The HJP Club: The Time Keeper
The horizon lay black against the burning orange sky. The sun had disappeared in a blaze of glory behind the silhouette of the mountain range way beyond. Yellow streaks broke up the orange here and there; the smoke drifting from the black earth marred its perfection. The lone cottage at the brink of the creek, that gave the sand its only moisture, was lit by a single torch, its simple wood held captive in a steel grove that protruded from the earth just enough to prevent fire. Above the torch a black urn bubbled, steam hissing from its lid to the square faceless time catcher above it. The air trembled with each quiet click of the fifty gears encased within the wood and gold frame that was propelled by the steam rising beneath it.
The Time Keeper stared off into the distance at the ebony form of an unidentifiable rider flitting from the landscape before him. He pulled his subatomic disintegrator pistol out from under the cuff of his pants, and held its vial over the steam just long enough to fill it before replacing it at the edge of the gun. It was highly uncommon for anyone to approach the time house, and the few who had died shortly after their tour. It was not for man to know how time worked, lest they manipulate it for their own selfish reasons. From this distance he was unable to tell if the rider were man, beast, or machine; perhaps a combination of the above.
The rider stopped and dismounted, still 50 feet out from the torch, hovering in the shadows without approaching.
“Show yourself, lest you be vaporized,” the Time Keeper’s wooden voice was carried along the wind.
“That would be an ill-advised move. I mean you no harm; only wish passage through the portal. I bring magnets and a trinket for you in payment.” The baritone edged on the brink of bass, resonating in the earth, sending a slight tremor through the torch, almost dislodging it. Metallic clatter and the hushed whirls of small gears met the Time Keeper’s ears. A small robot appeared in the torchlight, its head void of traditional facial expressions, its body a transparent cover to its metal guts inside. The gears within the robot turned effortlessly, without steam, a testament to the advancement of the visage before him.
“I am merely the Keeper. I do not control the portal. The train rides on its own schedule.” A flash of light bounced in the air. The stranger took note of the warning and flashed his own blade in return.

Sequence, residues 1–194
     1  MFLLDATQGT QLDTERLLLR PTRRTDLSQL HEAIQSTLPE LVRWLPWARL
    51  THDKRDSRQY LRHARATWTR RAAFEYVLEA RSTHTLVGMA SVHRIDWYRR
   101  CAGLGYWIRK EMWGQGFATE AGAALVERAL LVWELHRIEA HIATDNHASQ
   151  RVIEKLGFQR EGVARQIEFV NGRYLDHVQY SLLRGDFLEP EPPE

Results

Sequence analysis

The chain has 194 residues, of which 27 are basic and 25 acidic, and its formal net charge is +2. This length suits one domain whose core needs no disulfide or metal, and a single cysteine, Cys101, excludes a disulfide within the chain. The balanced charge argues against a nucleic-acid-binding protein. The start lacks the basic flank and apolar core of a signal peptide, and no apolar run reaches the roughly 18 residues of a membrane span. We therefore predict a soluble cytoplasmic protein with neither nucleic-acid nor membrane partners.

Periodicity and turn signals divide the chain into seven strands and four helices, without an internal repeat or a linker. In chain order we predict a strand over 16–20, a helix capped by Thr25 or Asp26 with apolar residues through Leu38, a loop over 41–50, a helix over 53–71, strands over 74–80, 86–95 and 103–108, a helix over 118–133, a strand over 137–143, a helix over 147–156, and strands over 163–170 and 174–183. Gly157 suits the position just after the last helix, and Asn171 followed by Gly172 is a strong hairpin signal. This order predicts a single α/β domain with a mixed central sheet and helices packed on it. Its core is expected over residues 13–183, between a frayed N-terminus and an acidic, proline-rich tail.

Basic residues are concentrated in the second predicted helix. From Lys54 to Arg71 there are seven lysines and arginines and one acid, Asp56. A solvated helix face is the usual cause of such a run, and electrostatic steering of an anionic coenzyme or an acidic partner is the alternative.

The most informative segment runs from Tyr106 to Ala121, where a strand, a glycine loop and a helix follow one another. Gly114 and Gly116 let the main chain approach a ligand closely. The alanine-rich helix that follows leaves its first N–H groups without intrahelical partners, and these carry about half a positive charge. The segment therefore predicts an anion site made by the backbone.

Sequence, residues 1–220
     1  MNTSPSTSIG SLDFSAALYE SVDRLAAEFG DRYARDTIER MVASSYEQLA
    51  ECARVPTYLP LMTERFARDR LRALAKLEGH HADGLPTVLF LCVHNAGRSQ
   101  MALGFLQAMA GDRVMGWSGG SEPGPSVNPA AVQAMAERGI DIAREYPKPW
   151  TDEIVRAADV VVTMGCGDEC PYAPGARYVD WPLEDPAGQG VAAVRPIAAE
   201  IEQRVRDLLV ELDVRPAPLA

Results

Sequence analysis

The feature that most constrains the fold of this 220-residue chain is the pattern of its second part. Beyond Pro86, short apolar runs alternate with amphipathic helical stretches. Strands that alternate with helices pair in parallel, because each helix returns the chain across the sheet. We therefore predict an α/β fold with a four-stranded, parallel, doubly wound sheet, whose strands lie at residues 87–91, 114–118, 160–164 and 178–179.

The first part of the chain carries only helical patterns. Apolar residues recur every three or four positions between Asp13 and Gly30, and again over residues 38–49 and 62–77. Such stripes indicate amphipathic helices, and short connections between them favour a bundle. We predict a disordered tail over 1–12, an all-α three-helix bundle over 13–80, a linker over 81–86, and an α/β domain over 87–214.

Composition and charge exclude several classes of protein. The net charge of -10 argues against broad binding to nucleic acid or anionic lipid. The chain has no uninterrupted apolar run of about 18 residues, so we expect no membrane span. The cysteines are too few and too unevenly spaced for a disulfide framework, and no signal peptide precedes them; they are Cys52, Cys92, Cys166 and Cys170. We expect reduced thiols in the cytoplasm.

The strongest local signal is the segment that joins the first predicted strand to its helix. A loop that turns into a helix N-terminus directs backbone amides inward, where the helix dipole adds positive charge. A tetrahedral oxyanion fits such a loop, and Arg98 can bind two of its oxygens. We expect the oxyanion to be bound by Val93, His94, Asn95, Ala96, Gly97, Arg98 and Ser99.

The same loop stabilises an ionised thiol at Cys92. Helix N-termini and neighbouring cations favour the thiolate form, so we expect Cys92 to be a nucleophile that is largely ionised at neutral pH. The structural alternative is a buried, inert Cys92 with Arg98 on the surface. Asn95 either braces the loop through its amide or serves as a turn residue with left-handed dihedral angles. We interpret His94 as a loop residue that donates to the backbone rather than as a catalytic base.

“Ah, but you know the exact hour when the train will ride, and when the portal will open. I am not afraid to duel with you, but when you are dead, who will keep time then?”
“Time needs no keeper, man does. But, I will humor your folly. Come into the light and prepare to meet your destiny.”
The stranger stepped in to the light, the fire bouncing over the metal of his fleshless cheek. His eyes were human enough, though, and that was all the Time Keeper needed to know as their blades connected. Muscle against steel, the long sleeves of the stranger’s overcoat slipping over hands, hiding their movement, thrust to match each parry. The footprints in the dirt revealed each new lead as the blades continued slicing through the air, a macabre dance of sparks, the only rhythm coming from the sliding of the gears in both the clock and the robot. The Time Keeper slipped in, using his pistol to block, ready to deliver a fatal blow, when the stranger reached into his pocket, producing a magnet. A slice of his blade through the air sent the magnet flying into the clock. A loud chugging, a hiss of steam, and the stranger disappeared in a flash of steel.
This week we were given the prompt to step out of our comfort zone and in 600 words or less write something different (I went just a little over the word count, but it couldn’t be helped). This is my first venture into the unknown world of the Steampunk genre and also in a YA setting. I’m incredibly nervous as this is the 3rd part of a continuing series that began here and continued here. It also has its own page now also.
What do you think? (please note that I am having format issues, so apologies that the indentions are not correct).